How city police force fought crime on Cardiff's streets in the 60s.
THEY had no radios, no cars and no computers to help in the fight against crime.
Officers from the old Cardiff City Police force patrolled with nothing but whistles and truncheons.
If they were needed in an emergency, pillars on the streets lit up to warn them.
Now the forgotten world of the force, which disbanded in 1969 to join other forces as South Wales Police, has been remembered in a new book by former officer John Wake.
The retired policeman, who rose from constable on the beat to detective in his 28-year career from 1966 to 1994, remembers the 1960s as a tough time when officers had to rely on the community to help.
"When you left the station, you were on your own. All you had was a whistle. No handcuffs," he said. "It was a tough job. A good officer was part of the community, part of the street furniture. If they were in trouble, the only communication was to blow a whistle, which 99% of the time was pointless."
John's book And Tiger Bay Died Too tells anecdotes and stories of police life in Cardiff and the street life of the city in the 1950s and 60s.
He interviewed former police, some in their nineties, to record stories that would otherwise be forgotten.
Illuminating what life was like for a "copper" half a century ago, the book tells tales from the beat trodden when Cardiff rocked to the sounds of The Beatles, Harold Wilson was Prime Minister and Westgate Street was the haunt of prostitutes.
"Police today go out with stab vests and tasers. When we got the first police radios in 1967, we had to drop the aerials down our trouser legs and into our socks," John recalled.
"I remember a big fight on Great Western Lane when police were jumping up and down trying to point their signal aerials to the police station. It was chalk and cheese to policing today."
Cardiff was different too.
John, who covered central Cardiff and Butetown, recalls a bustling community in the old Tiger Bay, a multicultural area crammed with pubs visited by docking sailors and locals alike.
"There were fights but they tended to be started by visitors, not locals. At night, Cardiff could be pretty aggressive then.
"In those days, the biggest centres of prostitution were Westgate Street, where the NCP car park is now, and outside the Custom House pub in Butetown. It was an accepted part of life.
"The prostitutes were good as gold and helped out sometimes. You could be in trouble with a couple of sailors fighting and they would jump in or get assistance."
There was also glamour in the city.
When The Beatles and The Rolling Stones came to play at the Capitol in Queen Street, security was so tight they couldn't drive into town for the gig.
|Instead the band members went to the central police station to be driven in a secure Black Maria so as not to be hurt by the thousands of screaming fans.
John, who doesn't name retired officers he spoke to for security reasons, said one told him that when The Beatles came, John Lennon was so tired he didn't know where he was.
"It was December 1965 and John Lennon got in the back of the Black Maria and said 'where are the kilts?'. The police had to tell him 'you're in Wales not Scotland now'.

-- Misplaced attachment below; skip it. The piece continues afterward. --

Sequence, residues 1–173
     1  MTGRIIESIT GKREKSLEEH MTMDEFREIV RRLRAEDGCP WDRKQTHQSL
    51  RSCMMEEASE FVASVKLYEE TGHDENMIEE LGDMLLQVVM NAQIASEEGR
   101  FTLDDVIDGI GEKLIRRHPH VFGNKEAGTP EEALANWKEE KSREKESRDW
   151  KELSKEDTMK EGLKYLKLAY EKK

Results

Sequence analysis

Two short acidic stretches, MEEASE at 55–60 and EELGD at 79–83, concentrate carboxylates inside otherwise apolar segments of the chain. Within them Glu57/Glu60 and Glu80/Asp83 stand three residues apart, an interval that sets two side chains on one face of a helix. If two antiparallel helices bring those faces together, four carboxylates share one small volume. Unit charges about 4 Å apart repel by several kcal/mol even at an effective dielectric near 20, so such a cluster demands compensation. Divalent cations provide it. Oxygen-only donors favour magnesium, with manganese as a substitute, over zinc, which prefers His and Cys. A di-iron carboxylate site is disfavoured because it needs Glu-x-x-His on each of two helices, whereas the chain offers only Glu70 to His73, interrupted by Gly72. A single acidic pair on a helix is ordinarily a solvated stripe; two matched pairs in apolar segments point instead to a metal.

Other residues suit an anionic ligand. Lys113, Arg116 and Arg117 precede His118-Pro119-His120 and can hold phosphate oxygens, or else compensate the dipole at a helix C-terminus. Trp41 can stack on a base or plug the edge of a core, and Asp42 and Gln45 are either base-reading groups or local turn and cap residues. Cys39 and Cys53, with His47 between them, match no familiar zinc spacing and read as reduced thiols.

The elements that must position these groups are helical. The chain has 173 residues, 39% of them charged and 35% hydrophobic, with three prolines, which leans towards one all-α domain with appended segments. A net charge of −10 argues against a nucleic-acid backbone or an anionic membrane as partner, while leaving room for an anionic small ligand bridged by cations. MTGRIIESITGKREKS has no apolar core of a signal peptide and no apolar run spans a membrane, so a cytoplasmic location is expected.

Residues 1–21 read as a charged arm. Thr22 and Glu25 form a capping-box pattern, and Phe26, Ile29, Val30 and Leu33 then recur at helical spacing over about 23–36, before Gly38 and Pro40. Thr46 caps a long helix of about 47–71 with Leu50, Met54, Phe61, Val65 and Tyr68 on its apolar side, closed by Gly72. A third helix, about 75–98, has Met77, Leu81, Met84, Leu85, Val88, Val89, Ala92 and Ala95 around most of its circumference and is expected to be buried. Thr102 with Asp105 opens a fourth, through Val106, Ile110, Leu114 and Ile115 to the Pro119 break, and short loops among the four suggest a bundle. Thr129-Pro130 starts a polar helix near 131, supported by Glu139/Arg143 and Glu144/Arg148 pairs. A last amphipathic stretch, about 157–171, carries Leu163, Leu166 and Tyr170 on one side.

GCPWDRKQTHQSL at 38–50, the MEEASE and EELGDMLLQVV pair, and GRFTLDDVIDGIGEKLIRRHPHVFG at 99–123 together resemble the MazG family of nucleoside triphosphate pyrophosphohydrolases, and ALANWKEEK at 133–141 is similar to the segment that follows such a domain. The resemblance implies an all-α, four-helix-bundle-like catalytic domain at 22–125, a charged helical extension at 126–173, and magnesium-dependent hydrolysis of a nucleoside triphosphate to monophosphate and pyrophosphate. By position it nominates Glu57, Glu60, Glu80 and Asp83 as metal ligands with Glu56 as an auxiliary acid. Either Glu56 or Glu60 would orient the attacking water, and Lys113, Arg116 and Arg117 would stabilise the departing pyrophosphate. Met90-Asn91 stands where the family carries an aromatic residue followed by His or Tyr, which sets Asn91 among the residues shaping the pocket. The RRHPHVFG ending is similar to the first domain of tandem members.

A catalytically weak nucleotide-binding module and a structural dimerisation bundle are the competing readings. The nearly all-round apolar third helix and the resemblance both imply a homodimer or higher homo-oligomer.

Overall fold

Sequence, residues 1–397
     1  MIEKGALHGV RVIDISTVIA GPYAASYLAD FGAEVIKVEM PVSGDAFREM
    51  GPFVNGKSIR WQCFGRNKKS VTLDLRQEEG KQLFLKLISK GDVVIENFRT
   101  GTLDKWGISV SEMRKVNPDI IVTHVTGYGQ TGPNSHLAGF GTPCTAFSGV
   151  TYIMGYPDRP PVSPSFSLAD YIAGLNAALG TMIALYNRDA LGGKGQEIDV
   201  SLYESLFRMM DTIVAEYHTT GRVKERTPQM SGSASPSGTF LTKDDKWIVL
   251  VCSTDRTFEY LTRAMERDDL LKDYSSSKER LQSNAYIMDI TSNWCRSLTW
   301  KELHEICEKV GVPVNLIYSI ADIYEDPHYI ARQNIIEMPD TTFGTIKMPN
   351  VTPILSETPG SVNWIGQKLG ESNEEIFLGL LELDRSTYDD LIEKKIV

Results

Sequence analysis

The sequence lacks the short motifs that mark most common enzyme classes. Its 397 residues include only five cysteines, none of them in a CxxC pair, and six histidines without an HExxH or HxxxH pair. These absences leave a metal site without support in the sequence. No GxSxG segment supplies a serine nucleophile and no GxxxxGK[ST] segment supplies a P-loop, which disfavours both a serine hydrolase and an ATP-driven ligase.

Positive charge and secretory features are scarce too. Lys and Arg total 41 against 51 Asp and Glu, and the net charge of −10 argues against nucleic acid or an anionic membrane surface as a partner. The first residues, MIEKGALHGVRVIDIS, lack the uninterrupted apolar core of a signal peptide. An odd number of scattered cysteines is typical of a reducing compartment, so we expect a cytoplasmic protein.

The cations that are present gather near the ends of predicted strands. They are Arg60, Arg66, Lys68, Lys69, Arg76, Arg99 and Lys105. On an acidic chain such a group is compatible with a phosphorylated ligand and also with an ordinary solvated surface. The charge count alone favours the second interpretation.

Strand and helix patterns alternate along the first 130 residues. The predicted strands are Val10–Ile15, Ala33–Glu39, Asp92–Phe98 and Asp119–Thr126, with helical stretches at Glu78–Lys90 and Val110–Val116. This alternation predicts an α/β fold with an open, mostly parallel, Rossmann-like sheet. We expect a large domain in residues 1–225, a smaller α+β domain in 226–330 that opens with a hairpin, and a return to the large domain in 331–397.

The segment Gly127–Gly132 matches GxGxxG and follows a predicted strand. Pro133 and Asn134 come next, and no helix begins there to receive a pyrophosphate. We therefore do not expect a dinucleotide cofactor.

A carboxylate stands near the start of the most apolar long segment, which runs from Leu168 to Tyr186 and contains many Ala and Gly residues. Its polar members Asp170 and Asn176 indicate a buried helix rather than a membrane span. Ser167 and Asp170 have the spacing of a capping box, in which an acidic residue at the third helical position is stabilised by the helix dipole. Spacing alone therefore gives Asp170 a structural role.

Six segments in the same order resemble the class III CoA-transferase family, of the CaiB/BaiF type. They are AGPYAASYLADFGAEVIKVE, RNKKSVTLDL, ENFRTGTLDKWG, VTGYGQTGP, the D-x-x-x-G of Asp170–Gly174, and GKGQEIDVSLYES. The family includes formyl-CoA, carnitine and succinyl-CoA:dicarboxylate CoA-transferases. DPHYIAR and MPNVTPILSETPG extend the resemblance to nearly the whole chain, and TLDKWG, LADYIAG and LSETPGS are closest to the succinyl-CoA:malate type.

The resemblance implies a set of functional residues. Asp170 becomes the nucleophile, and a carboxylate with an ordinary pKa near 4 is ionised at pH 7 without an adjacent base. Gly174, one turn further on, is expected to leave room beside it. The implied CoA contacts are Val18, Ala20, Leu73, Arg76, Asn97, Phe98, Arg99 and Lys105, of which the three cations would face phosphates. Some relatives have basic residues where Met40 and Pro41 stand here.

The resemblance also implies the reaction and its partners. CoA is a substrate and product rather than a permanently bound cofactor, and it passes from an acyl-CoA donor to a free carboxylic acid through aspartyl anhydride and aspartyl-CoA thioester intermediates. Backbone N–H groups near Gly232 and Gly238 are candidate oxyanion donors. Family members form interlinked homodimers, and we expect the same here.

"Another officer got into the vehicle with all The Beatles and their crew who asked him for cigarettes. He handed them out until there wasn't one for him."
It was time of change with the old docks and police walking the beat with whistles while rock bands and revolution stirred.
"It was a hedonistic era," said John.
"There were drugs and racial problems and some people called the police pigs.
"There were no breathalysers so if you thought someone was drunk driving you made them try to walk straight along a white line you marked on the ground."
But he remembers it as a good time, when officers knew their communities well.
"You could be apprehensive if you came across pub fights and had to go in on your own. There was no radio to get assistance. But in Butetown where I worked people knew you and you knew them.
"Cardiff City police was a family. You policed your city and you were proud of it."
Cancer survivor John, who now lives in Carmarthenshire, wrote his book, which has sold PS1,500 worth of copies, to raise funds for cancer charities and local causes.
And Tiger Bay Died Too can only be purchased from Cancer Research Wales Shops in Cardiff and the Butetown Historic and Arts Centre for PS10, or via Amazon Kindle download.
All profits go to Cancer Research and Butetown Historic and Arts Centre.
| Docks workers at Tiger Bay
Former Detective Inspector John Wake
The Cardiff Police Black Maria that was used to tranport rock stars such as The Beatles and the Rolling Stones safely to gigs in the city in the 1960s. Right, fans wait for the Beatles outside the Capitol Theatre in 1964 | The Cardiff Police Black Maria that was used to tranport rock stars such as The Beatles and the Rolling Stones safely to gigs in the city in the 1960s. Right, fans wait for the Beatles outside the Capitol Theatre in 1964
A policeman on his way to work in Canton in the 1960s | A policeman on his way to work in Canton in the 1960s
Former policeman John Wake outside Bute Town Police station inspecting a flat tyre on the beat in the 1960s
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|Publication:||South Wales Echo (Cardiff, Wales)|
|Date:||May 9, 2016|
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